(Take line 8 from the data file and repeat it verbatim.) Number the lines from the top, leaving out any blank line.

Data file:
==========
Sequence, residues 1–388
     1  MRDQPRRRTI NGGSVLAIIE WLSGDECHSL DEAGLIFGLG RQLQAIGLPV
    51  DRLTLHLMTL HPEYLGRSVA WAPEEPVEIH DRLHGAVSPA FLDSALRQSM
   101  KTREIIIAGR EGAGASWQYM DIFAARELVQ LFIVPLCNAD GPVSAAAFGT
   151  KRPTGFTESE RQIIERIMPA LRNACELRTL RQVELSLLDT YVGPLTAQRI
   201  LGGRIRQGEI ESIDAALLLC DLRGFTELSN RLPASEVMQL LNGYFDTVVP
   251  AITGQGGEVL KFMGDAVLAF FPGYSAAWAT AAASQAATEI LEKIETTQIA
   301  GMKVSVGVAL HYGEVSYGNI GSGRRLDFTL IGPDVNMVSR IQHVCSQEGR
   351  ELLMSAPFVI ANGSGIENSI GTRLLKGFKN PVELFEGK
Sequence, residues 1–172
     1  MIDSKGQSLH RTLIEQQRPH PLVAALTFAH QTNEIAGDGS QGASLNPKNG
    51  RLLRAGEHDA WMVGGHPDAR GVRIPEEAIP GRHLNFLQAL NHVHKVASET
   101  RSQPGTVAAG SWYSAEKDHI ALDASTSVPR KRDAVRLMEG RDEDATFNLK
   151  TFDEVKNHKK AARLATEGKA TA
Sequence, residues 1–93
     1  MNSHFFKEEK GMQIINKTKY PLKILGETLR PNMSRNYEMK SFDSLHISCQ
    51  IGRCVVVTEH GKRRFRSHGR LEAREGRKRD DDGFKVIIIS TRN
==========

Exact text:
   301  GMKVSVGVAL HYGEVSYGNI GSGRRLDFTL IGPDVNMVSR IQHVCSQEGR